Fetal Examination

Discovering the causes of birth defects is the first step to preventing them. Our campus is home to the successful South Carolina Birth Defects Prevention Program, which is leading the effort to reduce birth defects, particularly neural tube defects, within South Carolina.

GGC’s fetal examination program is another strategy to advance the understanding of why birth defects occur and how they might be prevented. The Center for Anatomic Studies at the Greenwood Genetic Center devotes its resources to the study of the process of embryonic and fetal growth and the complications that contribute to birth defects. GGC has also developed fetal examination resources to assist in these efforts.

The Center for Anatomic Studies at GGC provides a fetal examination for patients who have lost a baby during pregnancy or have experienced a stillbirth where there are birth defect or anomalies. Healthcare providers should call the Center at 864-388-1700 to discuss a potential candidate for fetal examination prior to sending a fetus. A completed fetal examination packet should accompany the fetus and will help explain and expedite the process. A map of Oakbrook Memorial Park will guide parents to our burial site, should they choose for us to handle the burial.

Fetal examination or perinatal autopsy is an understandably difficult process for which parents must give consent. The knowledge gained from fetal examination may be able to provide an answer for the family, provide accurate recurrence risks, and offer hope for the future. Examinations also help further the research which may prevent more birth defects from occurring in South Carolina and around the world. Call the Greenwood Genetic Center at 864-388-1700 or fill out a form here for more information about fetal examination.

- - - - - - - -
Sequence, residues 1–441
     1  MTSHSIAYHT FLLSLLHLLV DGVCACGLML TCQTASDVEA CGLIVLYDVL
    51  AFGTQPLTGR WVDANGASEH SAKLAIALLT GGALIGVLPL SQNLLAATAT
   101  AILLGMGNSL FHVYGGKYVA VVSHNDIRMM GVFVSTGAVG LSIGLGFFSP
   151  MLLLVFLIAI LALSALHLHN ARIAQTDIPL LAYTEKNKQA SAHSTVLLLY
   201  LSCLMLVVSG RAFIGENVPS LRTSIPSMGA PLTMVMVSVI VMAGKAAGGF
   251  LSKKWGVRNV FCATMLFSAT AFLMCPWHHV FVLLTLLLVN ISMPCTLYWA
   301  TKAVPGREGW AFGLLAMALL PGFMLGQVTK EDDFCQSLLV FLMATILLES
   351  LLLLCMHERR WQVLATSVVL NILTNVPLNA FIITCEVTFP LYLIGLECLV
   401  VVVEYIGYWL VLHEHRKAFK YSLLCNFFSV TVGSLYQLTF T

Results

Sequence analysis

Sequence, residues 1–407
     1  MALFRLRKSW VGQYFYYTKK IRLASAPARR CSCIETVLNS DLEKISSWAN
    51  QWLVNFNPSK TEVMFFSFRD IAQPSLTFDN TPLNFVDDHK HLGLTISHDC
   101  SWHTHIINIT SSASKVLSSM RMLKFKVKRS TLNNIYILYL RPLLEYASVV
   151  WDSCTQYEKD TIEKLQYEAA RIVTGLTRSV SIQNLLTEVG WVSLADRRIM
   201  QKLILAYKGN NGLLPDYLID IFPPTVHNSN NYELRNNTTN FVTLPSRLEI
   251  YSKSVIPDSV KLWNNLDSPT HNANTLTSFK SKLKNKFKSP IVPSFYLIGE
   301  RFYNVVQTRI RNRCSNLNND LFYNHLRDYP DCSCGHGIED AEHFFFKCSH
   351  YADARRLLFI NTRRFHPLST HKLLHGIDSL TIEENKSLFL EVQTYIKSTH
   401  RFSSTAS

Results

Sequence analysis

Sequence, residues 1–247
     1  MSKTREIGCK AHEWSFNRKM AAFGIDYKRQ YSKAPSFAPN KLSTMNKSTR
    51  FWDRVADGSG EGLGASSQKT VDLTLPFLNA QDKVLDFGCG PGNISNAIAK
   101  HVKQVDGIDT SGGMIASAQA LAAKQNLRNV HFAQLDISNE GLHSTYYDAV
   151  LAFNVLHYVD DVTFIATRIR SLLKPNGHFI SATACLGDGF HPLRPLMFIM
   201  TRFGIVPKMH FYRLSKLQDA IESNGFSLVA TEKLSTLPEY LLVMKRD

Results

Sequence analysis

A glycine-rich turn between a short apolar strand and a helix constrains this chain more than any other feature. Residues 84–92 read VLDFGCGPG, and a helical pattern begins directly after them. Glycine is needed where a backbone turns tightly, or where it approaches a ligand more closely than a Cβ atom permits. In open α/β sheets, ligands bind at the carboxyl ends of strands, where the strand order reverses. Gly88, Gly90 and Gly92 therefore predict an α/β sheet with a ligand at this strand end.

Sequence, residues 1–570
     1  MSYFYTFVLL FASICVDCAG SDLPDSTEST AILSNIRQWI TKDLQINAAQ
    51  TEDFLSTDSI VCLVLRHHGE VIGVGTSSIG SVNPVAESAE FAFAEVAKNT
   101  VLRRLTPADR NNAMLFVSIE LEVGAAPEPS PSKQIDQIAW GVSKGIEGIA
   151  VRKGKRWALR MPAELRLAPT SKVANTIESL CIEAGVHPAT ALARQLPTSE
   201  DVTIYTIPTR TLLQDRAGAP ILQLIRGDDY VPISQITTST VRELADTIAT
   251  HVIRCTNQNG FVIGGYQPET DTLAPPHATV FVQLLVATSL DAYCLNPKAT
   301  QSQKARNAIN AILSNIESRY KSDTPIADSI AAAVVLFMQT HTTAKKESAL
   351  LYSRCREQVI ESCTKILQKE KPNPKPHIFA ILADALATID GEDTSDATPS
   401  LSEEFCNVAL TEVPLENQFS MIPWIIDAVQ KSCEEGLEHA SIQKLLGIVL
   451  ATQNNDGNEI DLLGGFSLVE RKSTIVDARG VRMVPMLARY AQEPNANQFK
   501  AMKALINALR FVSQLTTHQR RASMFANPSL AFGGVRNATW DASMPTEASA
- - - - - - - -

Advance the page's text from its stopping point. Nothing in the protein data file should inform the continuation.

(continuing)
Meet Reggie Roper

Meet Reggie Roper

Reggie has been part of the GGC family for over 18 years. He has short stature, webbing of his hands, pulmonary stenosis, seizures and hydrocephalus along with developmental delay. He carried an initial diagnosis of cardiofaciocutaneous (CFC) syndrome; however, as genetic testing advanced, GGC made the diagnosis of Noonan-like syndrome with loose anagen hair by identifying a mutation in the SHOC2 gene. He is also an active participant in the Greenwood Community Theatre's Penguin Project. "GGC is...

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